April 24, 2005

The Park Service Hates History

OK, let us say merely that the National Park Service hates some history, parts that don't fit into the "correct" narrative.

Look how long it took NPS to admit that people lived in Shenandoah National Park before the park was created.

As a Westerner, my "aha" moment came in the early 1980s. I was a young reporter doing a travel piece on Chaco Canyon National Historical Park, spending the day with an NPS archaeologist. He pointed out how (a) the official narrative completely ignored Richard "Anasazi" Wetherill, the rancher and contract archaeologist who homesteaded Chaco Wash to help preserve the ruins there, and that (b) the NPS put the visitor-center parking lot on the site of Wetherill's trading post, with not so much as an interpretive sign, and (c) also ignored his nearby grave (he was murdered in what is now the park). (The link I have chosen, from an NPS site, is still a bit snide.)

Some amends have been made. If you have a newish computer and a fast connection, visit Traditions of the Sun, an amazing Web site about Chaco. Click the "Timeline" link at lower center of the home page, and then the "1896-1907" segment to see the trading post. (Nothing there about the parking lot, though.)

Similarly, when M. and visited Arches National Park in December, we saw a new visitor center under construction. Some locals in Moab, Utah, the nearby town, think it should include a large exhibit celebrating Edward Abbey, the ranger-nature writer-novelist who put Arches on the literary map with his 1968 book Desert Solitaire. Some suggested a complete re-creation of his seasonal ranger's trailer. But what he will get will be a photograph and caption.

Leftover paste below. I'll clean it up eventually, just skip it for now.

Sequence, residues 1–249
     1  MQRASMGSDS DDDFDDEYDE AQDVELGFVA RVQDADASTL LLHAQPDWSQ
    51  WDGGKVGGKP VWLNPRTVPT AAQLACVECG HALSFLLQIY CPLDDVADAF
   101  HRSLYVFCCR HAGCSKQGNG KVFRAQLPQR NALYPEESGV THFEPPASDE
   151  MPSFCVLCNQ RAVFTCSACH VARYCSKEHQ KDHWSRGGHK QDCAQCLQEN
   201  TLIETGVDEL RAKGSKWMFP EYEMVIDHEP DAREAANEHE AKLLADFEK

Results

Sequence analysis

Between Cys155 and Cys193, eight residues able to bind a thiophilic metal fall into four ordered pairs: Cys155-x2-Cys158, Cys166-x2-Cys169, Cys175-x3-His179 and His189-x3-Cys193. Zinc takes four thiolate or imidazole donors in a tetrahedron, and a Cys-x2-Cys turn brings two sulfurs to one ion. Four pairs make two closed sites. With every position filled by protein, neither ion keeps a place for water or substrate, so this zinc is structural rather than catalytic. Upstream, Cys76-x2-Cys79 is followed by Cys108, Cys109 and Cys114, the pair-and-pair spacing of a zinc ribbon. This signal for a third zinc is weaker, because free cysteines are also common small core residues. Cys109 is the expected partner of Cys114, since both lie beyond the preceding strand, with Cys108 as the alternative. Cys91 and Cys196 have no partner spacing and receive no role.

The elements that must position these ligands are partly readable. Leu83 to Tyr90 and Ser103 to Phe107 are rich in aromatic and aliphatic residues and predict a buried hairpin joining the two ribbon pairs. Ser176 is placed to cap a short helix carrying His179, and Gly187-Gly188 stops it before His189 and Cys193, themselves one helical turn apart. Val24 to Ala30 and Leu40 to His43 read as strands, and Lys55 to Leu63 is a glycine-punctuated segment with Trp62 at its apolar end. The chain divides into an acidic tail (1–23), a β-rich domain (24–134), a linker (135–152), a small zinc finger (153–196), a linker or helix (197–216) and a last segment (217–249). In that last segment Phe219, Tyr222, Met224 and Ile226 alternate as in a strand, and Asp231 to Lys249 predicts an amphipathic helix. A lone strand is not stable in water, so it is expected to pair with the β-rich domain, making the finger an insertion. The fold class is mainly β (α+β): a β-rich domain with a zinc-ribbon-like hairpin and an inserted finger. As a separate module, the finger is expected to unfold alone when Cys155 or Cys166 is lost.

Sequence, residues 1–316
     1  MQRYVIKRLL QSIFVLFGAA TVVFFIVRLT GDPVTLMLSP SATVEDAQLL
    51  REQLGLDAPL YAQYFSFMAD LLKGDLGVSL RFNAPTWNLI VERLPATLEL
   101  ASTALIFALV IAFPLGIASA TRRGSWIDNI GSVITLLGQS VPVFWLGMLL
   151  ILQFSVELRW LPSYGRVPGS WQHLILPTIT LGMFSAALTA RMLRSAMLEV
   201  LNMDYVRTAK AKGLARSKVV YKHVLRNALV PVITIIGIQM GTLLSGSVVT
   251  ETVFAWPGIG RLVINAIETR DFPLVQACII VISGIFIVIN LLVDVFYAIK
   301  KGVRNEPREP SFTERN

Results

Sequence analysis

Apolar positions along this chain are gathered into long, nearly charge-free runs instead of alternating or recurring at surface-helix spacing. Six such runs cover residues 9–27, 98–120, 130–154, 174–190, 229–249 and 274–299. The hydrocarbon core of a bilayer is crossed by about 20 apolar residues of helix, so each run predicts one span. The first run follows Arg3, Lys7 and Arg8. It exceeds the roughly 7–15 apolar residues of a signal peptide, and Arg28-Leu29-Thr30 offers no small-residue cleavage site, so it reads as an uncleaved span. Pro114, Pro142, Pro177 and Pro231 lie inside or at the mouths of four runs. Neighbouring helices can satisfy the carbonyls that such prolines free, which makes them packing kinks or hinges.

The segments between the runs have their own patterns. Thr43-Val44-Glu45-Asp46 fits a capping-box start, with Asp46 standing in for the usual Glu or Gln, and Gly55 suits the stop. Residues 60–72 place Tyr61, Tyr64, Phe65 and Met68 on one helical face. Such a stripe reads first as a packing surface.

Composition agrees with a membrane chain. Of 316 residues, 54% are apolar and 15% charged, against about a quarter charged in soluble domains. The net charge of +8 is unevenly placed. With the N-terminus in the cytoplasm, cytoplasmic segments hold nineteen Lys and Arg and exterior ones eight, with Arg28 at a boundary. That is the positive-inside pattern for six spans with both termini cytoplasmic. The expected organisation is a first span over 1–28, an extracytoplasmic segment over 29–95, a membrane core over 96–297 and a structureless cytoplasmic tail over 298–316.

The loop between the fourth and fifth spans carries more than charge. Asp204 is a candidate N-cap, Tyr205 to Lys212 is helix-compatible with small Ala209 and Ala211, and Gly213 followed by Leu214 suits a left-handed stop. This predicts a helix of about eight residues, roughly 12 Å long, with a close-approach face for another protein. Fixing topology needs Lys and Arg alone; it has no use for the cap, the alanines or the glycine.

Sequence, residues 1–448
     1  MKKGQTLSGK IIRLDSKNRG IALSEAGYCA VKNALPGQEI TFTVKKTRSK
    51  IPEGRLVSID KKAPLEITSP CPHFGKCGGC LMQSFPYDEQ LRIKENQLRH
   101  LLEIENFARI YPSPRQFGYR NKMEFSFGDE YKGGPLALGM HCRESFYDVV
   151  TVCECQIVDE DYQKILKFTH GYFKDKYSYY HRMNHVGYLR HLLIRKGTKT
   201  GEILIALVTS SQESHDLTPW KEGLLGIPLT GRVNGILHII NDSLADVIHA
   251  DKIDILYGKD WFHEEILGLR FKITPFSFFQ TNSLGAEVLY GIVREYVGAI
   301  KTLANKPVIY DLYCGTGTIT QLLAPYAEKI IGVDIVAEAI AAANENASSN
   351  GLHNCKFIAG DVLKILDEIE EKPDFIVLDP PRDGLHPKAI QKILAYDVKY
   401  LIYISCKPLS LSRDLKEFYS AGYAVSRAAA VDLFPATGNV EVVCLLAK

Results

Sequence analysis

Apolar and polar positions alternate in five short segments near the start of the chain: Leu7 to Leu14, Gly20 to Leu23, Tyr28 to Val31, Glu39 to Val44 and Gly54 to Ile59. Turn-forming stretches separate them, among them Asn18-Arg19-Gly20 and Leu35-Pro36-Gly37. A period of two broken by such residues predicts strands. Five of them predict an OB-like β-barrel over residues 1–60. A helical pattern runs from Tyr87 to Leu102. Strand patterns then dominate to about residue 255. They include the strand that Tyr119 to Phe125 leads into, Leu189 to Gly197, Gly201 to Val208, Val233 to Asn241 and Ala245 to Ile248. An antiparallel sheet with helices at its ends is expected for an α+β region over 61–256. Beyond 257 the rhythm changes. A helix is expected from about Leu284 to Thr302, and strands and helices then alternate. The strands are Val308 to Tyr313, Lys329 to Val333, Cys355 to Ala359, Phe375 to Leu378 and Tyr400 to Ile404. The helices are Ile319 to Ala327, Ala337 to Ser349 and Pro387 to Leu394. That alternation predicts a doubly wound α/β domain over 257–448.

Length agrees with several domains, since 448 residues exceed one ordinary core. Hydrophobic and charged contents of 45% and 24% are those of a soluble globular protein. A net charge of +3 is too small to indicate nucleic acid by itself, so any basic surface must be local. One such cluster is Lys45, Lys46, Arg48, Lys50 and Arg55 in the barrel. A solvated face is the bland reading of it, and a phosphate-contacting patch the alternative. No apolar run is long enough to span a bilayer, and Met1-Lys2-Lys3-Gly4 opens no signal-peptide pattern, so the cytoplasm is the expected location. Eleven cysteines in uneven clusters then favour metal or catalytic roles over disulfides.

Again, a half-hearted bureaucratic gesture, notes P.J. Ryan in Thunderbear (scroll down to "Edward Abbey"). Excerpts:

Before Abbey came along, "Nature" writers were supposed to be an exception. They were supposed to be "inspirational" or "uplifting" or "poetical" or even (God help us!) "saintly". Names such as John Muir, John Burroughs, or Rachel Carson come to mind.

Abbey, for his part, always had his priorities straight. If, for example, as Campground Ranger, Abbey's job was to clean the restrooms and restock the toilet paper, Abbey would be willing to do so. HOWEVER, if a long legged, willowy blonde lassie in the campground looked at all like she needed fulfillment, Abbey would have to reprioritize his work schedule. Sometimes the toilet paper never DID get restocked.

Now neighbors, as you know, the Twin Pillars of the Faith of the NPS bureaucracy are (1) Get your reports in on time and (2) Keep your restrooms clean. Do these two things and you will go far! Abbey consistently failed the Restroom Test (and the Showing Up On Time Test, and occasionally, The Even Being Present Test).

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